Proposal summaries

These are research proposals that have been approved by the ALSPAC exec. The titles include a B number which identifies the proposal and the date on which the proposals received ALSPAC exec approval.

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B4048 - Prospective relationships between incontinence and common mental health problems in adolescents from a UK cohort - 20/04/2022

B number: 
B4048
Principal applicant name: 
Carol Joinson | PHS (UK)
Co-applicants: 
Dr Naomi Warne, Katie Gordon
Title of project: 
Prospective relationships between incontinence and common mental health problems in adolescents from a UK cohort
Proposal summary: 

Incontinence – both urinary and faecal – is a common childhood occurrence. Whilst most children obtain daytime bladder control by 3-years, and night-time bladder control at 4-6-years, it is not uncommon for school-age children to experience some form of incontinence (1). Indeed, parents of 7 ½ year-olds in the Avon Longitudinal Study of Parents and Children (ALSPAC) cohort reported 15.5% experienced bedwetting, and 7.6% experienced daytime wetting. Incontinence can seriously undermine quality of life, and psychological distress may occur if children become aware that incontinence is unusual for children of their age and/or following negative reactions from family or peers (1). Further, 20-40% of children in attendance of continence clinics meet diagnostic criteria of at least one psychiatric condition (2).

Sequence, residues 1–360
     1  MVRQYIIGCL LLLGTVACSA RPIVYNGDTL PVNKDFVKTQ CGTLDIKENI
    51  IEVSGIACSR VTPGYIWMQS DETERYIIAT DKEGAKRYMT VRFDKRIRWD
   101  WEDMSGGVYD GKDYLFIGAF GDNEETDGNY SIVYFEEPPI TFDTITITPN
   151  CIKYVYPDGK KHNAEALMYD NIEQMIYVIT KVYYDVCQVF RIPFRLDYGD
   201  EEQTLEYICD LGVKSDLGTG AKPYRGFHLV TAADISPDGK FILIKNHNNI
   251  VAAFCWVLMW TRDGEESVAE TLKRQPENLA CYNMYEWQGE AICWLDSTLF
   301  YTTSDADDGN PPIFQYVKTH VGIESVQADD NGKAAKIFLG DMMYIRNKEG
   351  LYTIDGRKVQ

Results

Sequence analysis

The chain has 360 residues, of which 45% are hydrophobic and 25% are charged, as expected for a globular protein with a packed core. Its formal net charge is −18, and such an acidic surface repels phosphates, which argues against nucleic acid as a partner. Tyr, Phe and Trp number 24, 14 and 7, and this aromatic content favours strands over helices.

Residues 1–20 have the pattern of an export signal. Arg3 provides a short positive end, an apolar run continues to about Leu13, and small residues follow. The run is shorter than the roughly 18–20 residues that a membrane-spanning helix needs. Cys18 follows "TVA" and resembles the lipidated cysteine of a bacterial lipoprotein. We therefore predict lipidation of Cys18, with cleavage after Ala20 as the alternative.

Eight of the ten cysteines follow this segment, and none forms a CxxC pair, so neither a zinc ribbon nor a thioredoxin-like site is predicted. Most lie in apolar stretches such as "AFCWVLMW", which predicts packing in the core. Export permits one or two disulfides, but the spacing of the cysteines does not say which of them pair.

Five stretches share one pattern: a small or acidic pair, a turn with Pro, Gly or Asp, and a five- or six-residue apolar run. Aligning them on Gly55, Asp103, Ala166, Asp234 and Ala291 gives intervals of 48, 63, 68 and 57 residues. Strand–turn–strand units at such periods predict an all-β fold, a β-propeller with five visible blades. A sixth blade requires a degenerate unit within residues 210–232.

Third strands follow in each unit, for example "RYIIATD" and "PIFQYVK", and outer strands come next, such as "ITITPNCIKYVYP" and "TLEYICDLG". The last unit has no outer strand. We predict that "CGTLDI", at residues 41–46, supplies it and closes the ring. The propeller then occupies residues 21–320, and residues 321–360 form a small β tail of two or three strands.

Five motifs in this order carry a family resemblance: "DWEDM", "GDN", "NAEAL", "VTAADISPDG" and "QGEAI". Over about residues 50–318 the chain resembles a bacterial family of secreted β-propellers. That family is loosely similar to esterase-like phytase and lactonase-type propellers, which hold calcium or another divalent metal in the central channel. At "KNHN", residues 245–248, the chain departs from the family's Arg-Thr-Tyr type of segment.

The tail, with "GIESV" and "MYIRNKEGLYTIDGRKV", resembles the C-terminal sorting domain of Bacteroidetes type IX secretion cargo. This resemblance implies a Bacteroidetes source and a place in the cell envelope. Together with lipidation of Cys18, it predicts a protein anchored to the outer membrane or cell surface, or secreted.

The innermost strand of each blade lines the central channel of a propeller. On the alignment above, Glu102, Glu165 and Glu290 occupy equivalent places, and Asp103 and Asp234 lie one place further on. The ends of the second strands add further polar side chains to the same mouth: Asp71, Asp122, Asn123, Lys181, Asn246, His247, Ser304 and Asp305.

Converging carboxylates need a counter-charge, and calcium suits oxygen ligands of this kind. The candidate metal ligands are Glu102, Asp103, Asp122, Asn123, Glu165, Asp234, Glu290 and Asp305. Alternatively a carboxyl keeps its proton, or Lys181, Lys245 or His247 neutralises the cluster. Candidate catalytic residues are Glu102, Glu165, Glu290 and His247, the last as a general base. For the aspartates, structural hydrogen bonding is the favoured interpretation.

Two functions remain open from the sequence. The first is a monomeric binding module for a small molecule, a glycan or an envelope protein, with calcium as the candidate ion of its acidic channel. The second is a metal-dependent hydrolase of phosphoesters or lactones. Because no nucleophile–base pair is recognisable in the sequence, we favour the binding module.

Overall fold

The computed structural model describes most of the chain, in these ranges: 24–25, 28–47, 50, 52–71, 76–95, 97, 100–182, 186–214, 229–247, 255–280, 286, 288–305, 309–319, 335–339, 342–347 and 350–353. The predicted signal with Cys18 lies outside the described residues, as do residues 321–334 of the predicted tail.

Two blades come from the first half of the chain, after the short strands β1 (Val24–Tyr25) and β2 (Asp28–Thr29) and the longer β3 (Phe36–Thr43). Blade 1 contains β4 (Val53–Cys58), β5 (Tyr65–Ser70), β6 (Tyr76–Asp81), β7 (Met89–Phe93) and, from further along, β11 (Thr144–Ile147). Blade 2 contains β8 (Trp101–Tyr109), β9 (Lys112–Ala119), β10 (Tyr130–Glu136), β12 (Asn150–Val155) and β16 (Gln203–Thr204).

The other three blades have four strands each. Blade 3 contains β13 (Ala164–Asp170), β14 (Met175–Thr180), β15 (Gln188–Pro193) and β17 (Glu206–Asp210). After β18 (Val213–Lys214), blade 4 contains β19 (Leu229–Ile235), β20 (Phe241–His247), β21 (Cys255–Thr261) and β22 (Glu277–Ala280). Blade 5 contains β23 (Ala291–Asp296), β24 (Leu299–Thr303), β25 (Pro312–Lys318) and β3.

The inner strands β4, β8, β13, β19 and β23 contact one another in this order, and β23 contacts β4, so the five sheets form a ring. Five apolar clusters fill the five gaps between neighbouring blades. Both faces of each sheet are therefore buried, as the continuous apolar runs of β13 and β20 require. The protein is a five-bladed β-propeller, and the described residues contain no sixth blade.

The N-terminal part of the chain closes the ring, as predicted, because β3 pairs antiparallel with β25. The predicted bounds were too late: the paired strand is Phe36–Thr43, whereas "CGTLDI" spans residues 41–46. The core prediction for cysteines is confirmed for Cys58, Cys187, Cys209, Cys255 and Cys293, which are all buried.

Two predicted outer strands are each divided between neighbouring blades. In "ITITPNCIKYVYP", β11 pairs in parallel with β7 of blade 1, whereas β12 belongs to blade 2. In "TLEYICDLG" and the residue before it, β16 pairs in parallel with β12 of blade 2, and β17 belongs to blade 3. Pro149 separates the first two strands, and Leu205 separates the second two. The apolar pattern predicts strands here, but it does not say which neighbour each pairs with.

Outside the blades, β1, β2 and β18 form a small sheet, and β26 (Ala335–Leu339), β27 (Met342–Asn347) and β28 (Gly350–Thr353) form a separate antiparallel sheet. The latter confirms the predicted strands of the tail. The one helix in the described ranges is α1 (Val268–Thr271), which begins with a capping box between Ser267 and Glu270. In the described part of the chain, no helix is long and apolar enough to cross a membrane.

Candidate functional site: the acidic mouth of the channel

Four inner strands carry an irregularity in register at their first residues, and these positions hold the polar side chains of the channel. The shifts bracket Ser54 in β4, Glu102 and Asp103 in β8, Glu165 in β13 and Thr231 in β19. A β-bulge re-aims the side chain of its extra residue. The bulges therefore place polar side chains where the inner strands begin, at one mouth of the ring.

It is commonly believed that issues with continence during childhood will resolve with age (3). However, epidemiological studies report 2-3% of adolescents experience urinary incontinence, and 1-1.5% experience faecal incontinence (3). There is also evidence that adolescents experience more severe forms of incontinence compared to younger children. Indeed, a cross-sectional study of 16,512 children in Hong Kong found a greater proportion of frequent bedwetting (≥3 wet nights/week) accompanied with daytime wetting and other lower urinary tract symptoms in 11-19-year olds compared to 5-10-year olds (4).

Incontinence in adolescence is particularly problematic because this is a sensitive time period in which identity and body image are formed, and peer acceptance is highly valued (1). The shame and stigma associated with incontinence may affect friendships and participation in social activities, which may in turn increase risk of developing psychosocial problems. Psychosocial problems during adolescence have been linked to future adverse mental health and social outcomes, including poor academic attainment, low self-esteem, depression, and suicidal behaviours (1,3).

Whilst some studies have investigated whether childhood incontinence is a risk factor for poor psychosocial outcomes in adolescence, few consider the impact of incontinence issues that persist beyond childhood. Further research is therefore required to investigate the relationship between continence issues in adolescence and adverse mental health outcomes.

1. Grzeda MT, Heron J, von Gontard A, Joinson C. Effects of urinary incontinence on psychosocial outcomes in adolescence. European Child and Adolescent Psychiatry. 2017 Jun;26(6):649–58.
2. Heron J, Grzeda MT, von Gontard A, Wright A, Joinson C. Trajectories of urinary incontinence in childhood and bladder and bowel symptoms in adolescence: prospective cohort study. BMJ Open. 2017;7(3):e014238.
3. Whale K, Cramer H, Joinson C. Left behind and left out: The impact of the school environment on young people with continence problems. British Journal of Health Psychology. 2018;23(2):253–77.
4. Yeung CK, Sreedhar B, Sihoe JDY, Sit FKY, Lau J. Differences in characteristics of nocturnal enuresis between children and adolescents: a critical appraisal from a large epidemiological study. BJU International. 2006;97(5):1069–73.

Impact of research: